The prescription drug approval process in the U.S. may be long and arduous, but it’s far from foolproof, a new study shows.
From 2001 to 2010, 32 percent of FDA-approved drugs already in use “were affected by a postmarket safety event,” according to an investigative report published earlier this month in the medical journal JAMA. Those events varied from simple safety announcements about newly discovered side effects to the outright withdrawal of drugs after reports of fatalities.
The report also comes as the Trump administration considers shortening and streamlining the approval process, as drugmakers push whole new classes of treatments through the regulatory pipeline.
“I am not sure our findings were a surprise, but they do offer insights that can be used by the FDA to better target postmarket surveillance efforts,” said internist Joseph Ross, a Yale University professor and one of the authors of the study.
“Our data show that there are some cautionary predictors of increased likelihood of the FDA taking a safety action in the postmarket setting. This information should be taken into account as the FDA considers conditions of approval and when further clinical trials should be required to better understand drug safety,” he said.
According to the JAMA investigation:
- Seventy-one of the 222 FDA-approved drugs during the time period triggered a “postmarket safety event,” including three outright withdrawals. The drugs triggered 61 “black box” warnings, so named because the warnings are put in literature packaged with the drugs and are framed by a black rule. Black box warnings are “designed to call attention to serious or life-threatening risks,” the FDA states.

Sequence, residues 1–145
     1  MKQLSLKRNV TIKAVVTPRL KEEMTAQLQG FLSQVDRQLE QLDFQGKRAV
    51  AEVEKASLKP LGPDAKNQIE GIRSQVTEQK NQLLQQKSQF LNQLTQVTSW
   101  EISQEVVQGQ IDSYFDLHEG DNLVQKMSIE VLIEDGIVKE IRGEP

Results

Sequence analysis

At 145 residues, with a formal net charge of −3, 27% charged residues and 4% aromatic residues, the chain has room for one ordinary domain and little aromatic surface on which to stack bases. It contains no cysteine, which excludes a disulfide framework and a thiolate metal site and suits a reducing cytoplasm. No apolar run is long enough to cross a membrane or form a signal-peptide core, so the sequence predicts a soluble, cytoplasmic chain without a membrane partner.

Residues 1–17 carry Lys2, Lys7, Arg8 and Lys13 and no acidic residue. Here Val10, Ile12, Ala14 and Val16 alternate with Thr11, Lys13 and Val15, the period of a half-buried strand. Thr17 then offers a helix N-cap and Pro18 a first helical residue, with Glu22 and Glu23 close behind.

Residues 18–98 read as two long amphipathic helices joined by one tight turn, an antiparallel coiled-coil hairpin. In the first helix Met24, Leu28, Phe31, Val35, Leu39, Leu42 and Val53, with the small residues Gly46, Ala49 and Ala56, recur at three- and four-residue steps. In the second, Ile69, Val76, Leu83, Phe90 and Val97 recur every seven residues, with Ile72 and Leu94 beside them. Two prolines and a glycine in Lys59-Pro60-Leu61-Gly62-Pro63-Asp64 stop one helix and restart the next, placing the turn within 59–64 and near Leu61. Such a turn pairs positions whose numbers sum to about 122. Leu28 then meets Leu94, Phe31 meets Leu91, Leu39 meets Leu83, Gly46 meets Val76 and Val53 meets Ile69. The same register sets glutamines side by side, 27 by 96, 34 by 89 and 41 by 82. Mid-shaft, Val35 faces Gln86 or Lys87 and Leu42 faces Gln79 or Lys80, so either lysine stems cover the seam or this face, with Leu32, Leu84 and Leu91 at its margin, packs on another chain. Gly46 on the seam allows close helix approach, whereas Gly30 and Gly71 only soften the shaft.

- Biologics, psychiatric treatment drugs, medicines that received accelerated approval and drugs that got approval near a regulatory deadline were the most likely to trigger warnings after they hit the market.
- The high number of events “highlights the need for continuous monitoring of the safety of novel therapeutics throughout their life cycle.”
The results raise a potentially tough conflict for some older Americans. The drugs highlighted in the study offer some of the most promising new medical treatments, but some have presented risks that don’t become clear for years.
For example, biologics have revolutionized treatment in such areas as Crohn’s disease, rheumatoid arthritis and cancer, but many are still so new that researchers are still learning about the long-term impact on a large population. Accelerated approval drugs often get that designation because they meet an urgent need — but by default, they do not get the level of scrutiny given to other new treatments.
The report could bring the approval process under increased scrutiny and pressure just as it appeared to be relaxing.
Last December, former President Barack Obama signed the 21st Century Cures Act, which includes provisions designed to speed up the approval process of some drugs. President Donald Trump, in his first address to Congress, called the drug approval process “slow and burdensome” and said it was preventing medical advances from reaching patients in need.
“Regulatory science is imperfect,” Ross said. “One tries to gather as much information about a medical product prior to its market availability as is possible. But given the competing priorities of providing rapid, timely access to new therapies while protecting patient safety and public health, invariably there is more to be learned about product safety after approval.
“Speeding up approval even further will not be without consequence. There will be more uncertainty at the time of approval, and less that is known about a new therapy's safety as well as its anticipated benefits,” he said.